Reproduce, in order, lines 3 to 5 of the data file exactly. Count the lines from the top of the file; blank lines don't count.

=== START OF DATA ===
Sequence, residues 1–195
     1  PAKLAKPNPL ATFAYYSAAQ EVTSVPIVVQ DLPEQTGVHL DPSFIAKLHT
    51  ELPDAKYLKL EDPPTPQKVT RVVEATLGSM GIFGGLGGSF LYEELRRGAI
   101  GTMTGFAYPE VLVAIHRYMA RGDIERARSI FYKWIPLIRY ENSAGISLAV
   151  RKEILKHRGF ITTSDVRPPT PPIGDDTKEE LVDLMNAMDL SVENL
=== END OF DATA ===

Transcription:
    51  ELPDAKYLKL EDPPTPQKVT RVVEATLGSM GIFGGLGGSF LYEELRRGAI
   101  GTMTGFAYPE VLVAIHRYMA RGDIERARSI FYKWIPLIRY ENSAGISLAV
   151  RKEILKHRGF ITTSDVRPPT PPIGDDTKEE LVDLMNAMDL SVENL